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The Human Footprint on the Environment: Impacts and Solutions
Mar 1, 2015

Environmental destruction is wreaking havoc on treasured resources, like the Ganges River, but it’s also striking closer to home, in our local communities.

The Ganges River flows majestically through the northern part of the Indian subcontinent. It is ancient, sacred to the millions of Hindus who rely on it for daily sustenance, and unfortunately, becoming increasingly polluted. The causes of this pollution are plentiful; however, one of the most obvious is the wave of industrialization that has swept through the country in recent years and has left factories near the river, most notably tanning factories, whose runoff mixes with the water of the Ganges and contributes to the various health problems of those who live near, drink from, and bathe in the river. The case of Ganges River pollution is one of the many highly visible examples of the effects of modern industry on the environment. Today, industry supplies much of the world with items that are essential to everyday life, but the “footprints” that industrial pollution leaves behind are harmful to the environment and to the lives of many.

The effects that industrial pollution has on health are numerous, well researched, and in many cases frightening. Chromium, a chemical that is emitted by tanneries that operate along the Ganges, is a likely carcinogen. The toxic fumes that many different types of factories emit can cause suffocation, and even contain particles that burrow into and damage the lungs.

As previously mentioned, those who live near the Ganges often suffer from adverse health that is the result of the river’s pollution. However, the adverse effects of industrial pollution are also present in a land that many often erroneously associate with universal equality and prosperity, and the freedom to live in a safe, sheltered environment. In the book Sacrifice Zones, environmental writer Steve Lerner catalogs the struggles of communities of poor and marginalized peoples in the United States living with the physical and emotional effects of industrial pollution. One story of a communal victory against the forces that dispense pollution is that of several neighborhoods in Ocala, Florida, that lay in the shadows of Royal Oak, a charcoal plant. The plant emitted dark soot that coated and would even sneak inside of homes, cars, gardens, and children’s toys, and wreaked havoc on the health of those who were forced to live near it. Despite this, Royal Oak continued to operate, until community activist Ruth Reed galvanized the formation of a grassroots organization that contacted local government leaders, collected evidence of pollution in the area, obtained a lawyer, and eventually, with enough lobbying, was able to have Royal Oak shut down.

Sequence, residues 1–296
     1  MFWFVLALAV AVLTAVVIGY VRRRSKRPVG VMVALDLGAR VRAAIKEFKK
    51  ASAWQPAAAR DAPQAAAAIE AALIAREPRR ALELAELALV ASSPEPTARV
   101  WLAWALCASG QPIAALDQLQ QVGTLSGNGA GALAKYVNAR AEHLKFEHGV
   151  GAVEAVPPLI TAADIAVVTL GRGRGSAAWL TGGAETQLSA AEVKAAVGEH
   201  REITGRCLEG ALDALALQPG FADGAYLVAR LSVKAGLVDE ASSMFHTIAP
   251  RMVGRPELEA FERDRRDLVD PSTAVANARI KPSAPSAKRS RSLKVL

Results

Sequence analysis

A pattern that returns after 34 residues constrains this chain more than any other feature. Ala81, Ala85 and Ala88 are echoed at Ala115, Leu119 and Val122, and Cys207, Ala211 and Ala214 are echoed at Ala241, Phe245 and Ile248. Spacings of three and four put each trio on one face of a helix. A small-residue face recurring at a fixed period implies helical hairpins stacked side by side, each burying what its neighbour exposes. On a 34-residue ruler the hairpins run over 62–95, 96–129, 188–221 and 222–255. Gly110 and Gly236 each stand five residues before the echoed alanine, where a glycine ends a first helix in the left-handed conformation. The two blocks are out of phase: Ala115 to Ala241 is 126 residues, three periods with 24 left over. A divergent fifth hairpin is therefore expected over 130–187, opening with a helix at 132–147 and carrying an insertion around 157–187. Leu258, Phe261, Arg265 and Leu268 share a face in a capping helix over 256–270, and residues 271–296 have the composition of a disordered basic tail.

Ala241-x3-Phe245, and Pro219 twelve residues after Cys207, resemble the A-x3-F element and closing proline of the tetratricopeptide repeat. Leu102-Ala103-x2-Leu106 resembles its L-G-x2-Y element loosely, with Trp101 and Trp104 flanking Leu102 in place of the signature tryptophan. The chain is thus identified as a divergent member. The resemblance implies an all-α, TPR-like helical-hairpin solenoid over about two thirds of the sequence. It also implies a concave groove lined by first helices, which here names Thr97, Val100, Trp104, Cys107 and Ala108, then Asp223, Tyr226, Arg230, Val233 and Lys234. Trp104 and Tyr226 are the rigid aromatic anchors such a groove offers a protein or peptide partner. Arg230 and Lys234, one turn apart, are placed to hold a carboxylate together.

The struggles of the communities in Ocala began after the Royal Oak plant was built in the late 1960s, and continued well into the earliest years of the twenty-first century. To spread the news about the pollution that was impairing their lives, citizens contacted the local news, both newspapers and television stations. They did not have the luxury of utilizing today’s internet to reach out for assistance beyond their communities, as is often done today when social justice is the issue. The way people use the internet to communicate with each other today is much more sophisticated than it was only a few years ago. The average user of one of today’s popular social media sites like Facebook and Twitter sees a myriad of posts written by individuals and organizations encouraging the public to donate money to a worthy cause, vote yes or no on a certain political issue, or to even keep an eye out for a missing loved one, and these posts are very effective. The internet and social media are dominated by young people, and because of this, young people today have an unprecedented amount of societal and political influence, influence that can be used to help quell pollution. If industrial pollution is to be combated, and if the destructive human footprint that is being left on the environment is to be reduced, children, who wield the power of using the internet to share information about their environment and the injustices done to it, must receive a much more comprehensive environmental education.

What constitutes a comprehensive environmental education is sure to vary wildly. However, one thing is certain – it must involve the development of communication and leadership skills among young people, skills that enable them to come together, collaborate, and develop new ideas to lessen the human footprint on the environment, and make the world a safer place to live in the future.


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Lerner, Steve. "Ocala, Florida: Community Blanketed by "Black Snow" from Neighboring Charcoal Factory." Sacrifice Zones: The Front Lines of Toxic Chemical Exposure in the United States. Cambridge, MA: MIT, 2010. 19-40. Print.